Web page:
Airbus Is Said to See C Series Deal Closing as Early as Mid-Year

(Bloomberg) -- Airbus SE’s deal to take a controlling stake in the Bombardier Inc. C Series jetliner program could be finalized by the time of the Farnborough Air Show this summer, according to people familiar with the matter.

Antitrust approval for the plan, which the planemakers had been seeking by the end of the year, is likely to come earlier than expected, according to the people, who asked not to be named as the regulatory procedures are private. The process has so far produced no issues whatsoever, one person said.

Faster signoff on the Bombardier accord could allow Toulouse, France-based Airbus to start marketing the C Series alongside its own A320 narrow-body family at the Farnborough expo, the year’s largest, which starts July 16. It once seemed that Boeing Co. would dominate the show southwest of London with the launch of a new mid-sized jet dubbed the 797, though the U.S. company has since indicated that it may take longer to build the business case.

Airbus and Bombardier both declined to comment on the state of the antitrust process, repeating earlier guidance on the timescale.

Montreal-based Bombardier struck the deal with Airbus in October after a U.S. ruling that the C Series had received illegal Canadian aid put the program’s future in doubt. The European company said it would build the jet at a factory in Alabama, avoiding crippling import tariffs imposed as a penalty, though in the event the preliminary American verdict was overturned. French President Emmanuel Macron is due to visit Bombardier’s facilities in Quebec in June.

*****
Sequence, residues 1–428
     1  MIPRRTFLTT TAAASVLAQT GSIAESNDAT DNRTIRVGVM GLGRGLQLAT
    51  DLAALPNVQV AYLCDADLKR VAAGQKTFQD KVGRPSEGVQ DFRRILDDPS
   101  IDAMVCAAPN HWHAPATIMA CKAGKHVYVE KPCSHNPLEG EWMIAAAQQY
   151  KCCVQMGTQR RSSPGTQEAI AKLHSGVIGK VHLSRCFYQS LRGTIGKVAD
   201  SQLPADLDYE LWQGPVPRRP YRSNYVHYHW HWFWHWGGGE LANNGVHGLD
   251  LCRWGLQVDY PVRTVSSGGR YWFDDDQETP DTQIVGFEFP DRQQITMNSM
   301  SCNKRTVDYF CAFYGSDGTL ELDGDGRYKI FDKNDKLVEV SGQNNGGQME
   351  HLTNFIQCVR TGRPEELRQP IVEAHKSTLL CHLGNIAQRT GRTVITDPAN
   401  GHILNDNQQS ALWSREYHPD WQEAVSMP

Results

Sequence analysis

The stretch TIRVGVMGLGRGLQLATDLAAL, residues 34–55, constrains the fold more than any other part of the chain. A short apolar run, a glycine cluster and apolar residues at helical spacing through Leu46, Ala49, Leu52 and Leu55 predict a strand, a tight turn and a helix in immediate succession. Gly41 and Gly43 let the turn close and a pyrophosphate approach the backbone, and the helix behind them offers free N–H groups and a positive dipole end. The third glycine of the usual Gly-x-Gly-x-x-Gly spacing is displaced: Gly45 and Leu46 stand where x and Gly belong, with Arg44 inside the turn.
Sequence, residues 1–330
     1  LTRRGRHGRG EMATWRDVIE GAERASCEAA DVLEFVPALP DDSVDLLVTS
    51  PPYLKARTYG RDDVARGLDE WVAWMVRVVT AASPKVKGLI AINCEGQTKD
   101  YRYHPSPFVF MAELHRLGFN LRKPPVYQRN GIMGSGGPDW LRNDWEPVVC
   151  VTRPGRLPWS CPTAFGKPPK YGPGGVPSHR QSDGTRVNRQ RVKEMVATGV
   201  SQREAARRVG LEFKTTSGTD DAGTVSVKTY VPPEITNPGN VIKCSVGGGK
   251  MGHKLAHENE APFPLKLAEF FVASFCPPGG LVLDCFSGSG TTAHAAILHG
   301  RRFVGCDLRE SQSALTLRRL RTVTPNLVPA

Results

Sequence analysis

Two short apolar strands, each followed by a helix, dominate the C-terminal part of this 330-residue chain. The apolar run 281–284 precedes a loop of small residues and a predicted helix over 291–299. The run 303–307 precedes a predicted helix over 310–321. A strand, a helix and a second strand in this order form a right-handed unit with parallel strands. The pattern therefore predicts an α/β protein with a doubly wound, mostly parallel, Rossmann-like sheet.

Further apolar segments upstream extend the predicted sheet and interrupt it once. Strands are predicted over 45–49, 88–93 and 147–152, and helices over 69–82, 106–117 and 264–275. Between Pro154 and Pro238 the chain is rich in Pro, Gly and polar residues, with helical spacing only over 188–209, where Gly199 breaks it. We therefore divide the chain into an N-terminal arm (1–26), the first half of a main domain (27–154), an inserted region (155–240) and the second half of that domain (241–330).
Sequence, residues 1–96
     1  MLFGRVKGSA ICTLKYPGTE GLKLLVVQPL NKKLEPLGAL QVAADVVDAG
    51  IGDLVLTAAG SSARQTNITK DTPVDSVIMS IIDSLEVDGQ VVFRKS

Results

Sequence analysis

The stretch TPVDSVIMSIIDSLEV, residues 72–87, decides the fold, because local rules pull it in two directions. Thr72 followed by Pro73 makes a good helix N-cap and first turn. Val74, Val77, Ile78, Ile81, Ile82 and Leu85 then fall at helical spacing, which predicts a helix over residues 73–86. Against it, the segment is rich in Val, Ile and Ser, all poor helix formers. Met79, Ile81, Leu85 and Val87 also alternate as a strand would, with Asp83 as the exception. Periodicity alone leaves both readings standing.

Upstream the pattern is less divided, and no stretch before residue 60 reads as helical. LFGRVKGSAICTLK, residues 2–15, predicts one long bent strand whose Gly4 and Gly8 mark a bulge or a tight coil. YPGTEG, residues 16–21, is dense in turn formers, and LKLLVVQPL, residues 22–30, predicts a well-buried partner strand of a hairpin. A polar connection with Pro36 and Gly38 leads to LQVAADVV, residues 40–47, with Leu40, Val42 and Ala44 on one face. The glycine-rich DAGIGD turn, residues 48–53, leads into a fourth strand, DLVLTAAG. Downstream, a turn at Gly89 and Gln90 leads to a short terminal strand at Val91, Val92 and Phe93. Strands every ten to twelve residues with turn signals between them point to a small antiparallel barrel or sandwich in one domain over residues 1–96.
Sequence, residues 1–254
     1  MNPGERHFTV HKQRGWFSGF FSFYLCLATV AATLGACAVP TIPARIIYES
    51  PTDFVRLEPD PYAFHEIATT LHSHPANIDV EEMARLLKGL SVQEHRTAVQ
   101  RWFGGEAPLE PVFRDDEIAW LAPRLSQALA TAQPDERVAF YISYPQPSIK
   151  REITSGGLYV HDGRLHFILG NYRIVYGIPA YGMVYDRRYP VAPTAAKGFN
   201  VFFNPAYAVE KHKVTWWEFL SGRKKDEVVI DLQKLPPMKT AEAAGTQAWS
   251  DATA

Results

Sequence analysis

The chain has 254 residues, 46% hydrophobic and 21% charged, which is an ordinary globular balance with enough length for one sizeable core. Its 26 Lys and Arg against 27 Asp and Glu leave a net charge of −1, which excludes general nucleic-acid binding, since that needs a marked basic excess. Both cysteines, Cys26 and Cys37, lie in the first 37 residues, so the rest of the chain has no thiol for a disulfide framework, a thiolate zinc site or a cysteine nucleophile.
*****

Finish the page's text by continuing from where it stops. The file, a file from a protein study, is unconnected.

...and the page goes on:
The future Boeing model, officially known as the New Mid-market Airplane or NMA, is likely to be a major focus of attention at Farnborough whether launched there or not, since it’s the only original passenger aircraft under development at the two dominant planemakers.

While Delta Air Lines Inc. and United Continental Holdings Inc. are interested in the jet, which would replace aging Boeing 757 and 767 fleets, Chinese carriers may prefer a bigger cargo hold than be accommodated with the planned oval cross-section fuselage. That in turn could potentially require a design rethink.

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